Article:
Filtered news 5/28

Fox Noose for dummies There’s ample evidence that Fox News viewers tend to be surprisingly uninformed about current events. We’re starting to get a better sense as to .

What’s more important: Iraq or Anna Nicole Smith? Depends on which network you’re watching.

According to [the Project for Excellence in Journalism's] first quarter News Coverage Index, “MSNBC and CNN were much more consumed with the war in Iraq than was Fox.”

In daytime, FNC devoted 6 percent of its time to Iraq, and 17 percent of its time to Anna Nicole. For CNN, the mix was 20 percent Iraq, 5 percent Anna; for MSNBC, the mix was 18 percent Iraq, 10 percent Anna.

“Fox also stood out for its lack of coverage on the firings of the U.S. attorneys, compared with the other channels. The story, which gained real momentum in mid March, consumed a mere 2% of Fox’s total airtime. CNN devoted twice that percent (4%) and MSNBC four times (8%).”

Keep in mind, in February, Fox News personality John Gibson accused journalists of “” over their war coverage. Mocking CNN’s Anderson Cooper, Gibson said, “Oh, ‘There’s a war on! There’s a war on!’ Maybe, just maybe, people are a little weary, Mr. Cooper, of your war coverage, and they’d like a little something else.” Why does the network even bother to put “news” in its name?

Rematch, June 7! Rep. Henry Waxman (D-CA) GSA chief Lurita "How Can We Help Our Candidates" Doan.

President Bush, yesterday: "Now, many critics compare the battle in Iraq to the situation we faced in Vietnam. There are many differences between those two conflicts, but one stands out above all: The enemy in Vietnam had neither the intent nor the capability to strike our homeland. The enemy in Iraq does.”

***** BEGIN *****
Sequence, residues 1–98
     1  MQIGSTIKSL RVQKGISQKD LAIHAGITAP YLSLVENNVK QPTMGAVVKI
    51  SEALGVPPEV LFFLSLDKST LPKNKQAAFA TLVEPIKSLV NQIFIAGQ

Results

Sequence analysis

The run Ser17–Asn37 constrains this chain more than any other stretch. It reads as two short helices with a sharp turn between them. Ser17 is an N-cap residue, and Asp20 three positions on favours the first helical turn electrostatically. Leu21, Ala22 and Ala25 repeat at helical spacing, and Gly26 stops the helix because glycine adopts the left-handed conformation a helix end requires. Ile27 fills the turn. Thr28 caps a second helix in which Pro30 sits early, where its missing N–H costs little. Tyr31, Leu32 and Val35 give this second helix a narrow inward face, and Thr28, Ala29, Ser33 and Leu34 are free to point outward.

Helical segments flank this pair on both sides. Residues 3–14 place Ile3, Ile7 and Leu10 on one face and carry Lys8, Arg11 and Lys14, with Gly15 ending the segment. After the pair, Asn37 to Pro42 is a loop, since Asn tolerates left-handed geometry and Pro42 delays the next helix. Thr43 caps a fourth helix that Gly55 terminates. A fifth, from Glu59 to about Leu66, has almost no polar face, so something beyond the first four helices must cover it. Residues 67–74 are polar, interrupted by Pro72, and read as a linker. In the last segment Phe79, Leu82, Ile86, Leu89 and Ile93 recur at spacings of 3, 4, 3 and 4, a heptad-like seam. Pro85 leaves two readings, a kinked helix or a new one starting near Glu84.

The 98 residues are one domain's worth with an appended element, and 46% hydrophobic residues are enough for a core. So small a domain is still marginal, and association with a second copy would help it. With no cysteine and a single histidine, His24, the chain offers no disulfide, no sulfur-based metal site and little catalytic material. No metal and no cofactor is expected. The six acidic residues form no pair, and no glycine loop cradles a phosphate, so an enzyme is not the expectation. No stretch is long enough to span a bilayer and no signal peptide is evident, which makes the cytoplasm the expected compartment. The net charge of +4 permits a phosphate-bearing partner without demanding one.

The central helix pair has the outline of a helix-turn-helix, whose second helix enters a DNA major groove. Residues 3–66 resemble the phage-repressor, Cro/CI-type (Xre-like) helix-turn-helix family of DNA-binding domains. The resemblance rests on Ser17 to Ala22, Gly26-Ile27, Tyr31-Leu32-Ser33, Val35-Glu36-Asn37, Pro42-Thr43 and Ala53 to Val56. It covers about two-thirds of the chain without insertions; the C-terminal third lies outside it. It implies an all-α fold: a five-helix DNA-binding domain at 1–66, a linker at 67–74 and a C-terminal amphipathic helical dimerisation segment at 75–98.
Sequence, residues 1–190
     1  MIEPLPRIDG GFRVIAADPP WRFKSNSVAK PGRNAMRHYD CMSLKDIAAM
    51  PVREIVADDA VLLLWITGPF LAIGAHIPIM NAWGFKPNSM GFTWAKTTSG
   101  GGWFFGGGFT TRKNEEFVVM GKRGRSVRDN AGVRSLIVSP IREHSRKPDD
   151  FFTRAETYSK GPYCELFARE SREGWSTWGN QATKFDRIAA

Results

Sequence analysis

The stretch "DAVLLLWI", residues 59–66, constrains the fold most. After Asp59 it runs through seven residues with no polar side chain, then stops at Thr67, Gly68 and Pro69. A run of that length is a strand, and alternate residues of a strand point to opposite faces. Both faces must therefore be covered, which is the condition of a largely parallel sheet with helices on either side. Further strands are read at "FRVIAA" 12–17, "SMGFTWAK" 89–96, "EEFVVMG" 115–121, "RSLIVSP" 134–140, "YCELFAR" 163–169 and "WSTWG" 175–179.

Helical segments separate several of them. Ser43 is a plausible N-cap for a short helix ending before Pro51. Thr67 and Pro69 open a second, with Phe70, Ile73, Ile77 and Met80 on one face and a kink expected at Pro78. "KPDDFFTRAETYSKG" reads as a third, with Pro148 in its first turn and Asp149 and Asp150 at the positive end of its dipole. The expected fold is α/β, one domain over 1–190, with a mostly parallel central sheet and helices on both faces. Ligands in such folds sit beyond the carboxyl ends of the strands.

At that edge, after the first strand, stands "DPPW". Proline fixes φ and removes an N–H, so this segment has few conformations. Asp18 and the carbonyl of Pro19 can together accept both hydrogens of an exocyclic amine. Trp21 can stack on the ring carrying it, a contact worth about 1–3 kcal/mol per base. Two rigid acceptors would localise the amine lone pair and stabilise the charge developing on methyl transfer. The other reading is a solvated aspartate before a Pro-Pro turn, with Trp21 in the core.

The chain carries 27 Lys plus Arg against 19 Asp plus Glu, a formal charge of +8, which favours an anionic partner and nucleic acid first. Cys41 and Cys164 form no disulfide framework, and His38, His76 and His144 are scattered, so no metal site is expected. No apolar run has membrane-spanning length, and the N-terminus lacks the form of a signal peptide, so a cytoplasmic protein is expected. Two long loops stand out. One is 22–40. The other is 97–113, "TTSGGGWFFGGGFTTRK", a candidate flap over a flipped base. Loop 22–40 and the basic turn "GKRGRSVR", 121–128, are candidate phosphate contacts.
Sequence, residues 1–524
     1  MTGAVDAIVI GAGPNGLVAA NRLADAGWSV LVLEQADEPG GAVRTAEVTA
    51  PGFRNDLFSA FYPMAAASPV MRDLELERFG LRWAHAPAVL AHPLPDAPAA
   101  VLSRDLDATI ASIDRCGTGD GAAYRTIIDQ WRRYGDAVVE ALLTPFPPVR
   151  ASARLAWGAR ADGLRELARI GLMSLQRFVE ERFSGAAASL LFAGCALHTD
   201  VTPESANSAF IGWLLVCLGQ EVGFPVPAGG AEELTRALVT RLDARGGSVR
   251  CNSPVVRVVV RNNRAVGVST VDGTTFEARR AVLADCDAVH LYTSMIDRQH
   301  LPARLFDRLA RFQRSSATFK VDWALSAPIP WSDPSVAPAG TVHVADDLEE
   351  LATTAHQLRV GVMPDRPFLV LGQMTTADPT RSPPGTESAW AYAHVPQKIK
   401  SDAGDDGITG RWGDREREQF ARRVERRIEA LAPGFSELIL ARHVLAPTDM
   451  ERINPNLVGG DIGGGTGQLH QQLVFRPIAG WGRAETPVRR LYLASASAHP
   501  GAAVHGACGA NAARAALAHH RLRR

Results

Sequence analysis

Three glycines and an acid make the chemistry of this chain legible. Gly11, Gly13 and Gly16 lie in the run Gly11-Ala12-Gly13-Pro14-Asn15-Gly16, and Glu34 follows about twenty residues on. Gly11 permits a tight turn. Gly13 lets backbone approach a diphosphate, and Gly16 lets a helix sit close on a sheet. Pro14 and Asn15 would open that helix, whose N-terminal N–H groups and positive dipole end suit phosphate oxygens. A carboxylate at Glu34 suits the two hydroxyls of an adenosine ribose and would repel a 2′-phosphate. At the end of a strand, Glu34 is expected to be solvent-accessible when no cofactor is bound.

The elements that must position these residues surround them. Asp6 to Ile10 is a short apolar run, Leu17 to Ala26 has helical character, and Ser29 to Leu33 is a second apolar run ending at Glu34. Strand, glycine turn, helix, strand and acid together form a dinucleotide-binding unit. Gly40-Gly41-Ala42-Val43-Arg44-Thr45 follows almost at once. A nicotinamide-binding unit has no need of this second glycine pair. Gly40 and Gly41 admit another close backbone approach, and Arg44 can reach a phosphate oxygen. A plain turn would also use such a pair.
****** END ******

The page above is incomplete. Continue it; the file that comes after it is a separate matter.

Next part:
There are so many problems and distortions with this statement that it is difficult to know where to start. But here's one place. Can we review the main arguments for why we were in Vietnam? Or at least try to distinguish them from the ones for getting out?

President Bush appears to be embracing the argument that the Vietnam War was a fight against Vietnamese nationalists who wanted to kick us out of Vietnam but had no interest in us one way or another beyond that. Certainly they weren't going to launch attacks against the US mainland. But that was the Doves' argument. The premise of the war was that it was a battleground in the larger Cold War struggle, one against the Soviets (who certainly had the ability and arguably had the intent to attack us), the Chinese (though that's much more complicated) and international communism generally.

In any case, the arguments for staying in Vietnam and staying in Iraq are actually quite similar -- and the arguments for leaving actually have a degree of parallelism too.

Of course, if we're worried about armed jihadism, which we certainly should be, it's really difficult to think of a better way to exacerbate the problem than to permanently occupy a country at the literal and figurative heart of the Muslim and Arab worlds.

Sound strangely familiar? Here's a passage from a tape of a conversation between LBJ and McGeorge Bundy about Vietnam back on May 27th, 1964 ...

Johnson: And we just got to think about it. I'm looking at this Sergeant of mine this morning and he's got 6 little old kids over there, and he's getting out my things, and bringing me in my night reading, and all that kind of stuff, and I just thought about ordering all those kids in there. And what in the hell am I ordering them out there for? What in the hell is Vietnam worth to me? What is Laos worth to me? What is it worth to this country? We've got a treaty but hell, everybody else has got a treaty out there, and they're not doing a thing about it.

Bundy: Yeah, yeah.

Johnson: Of course, if you start running from the Communists, they may just chase you right into your own kitchen.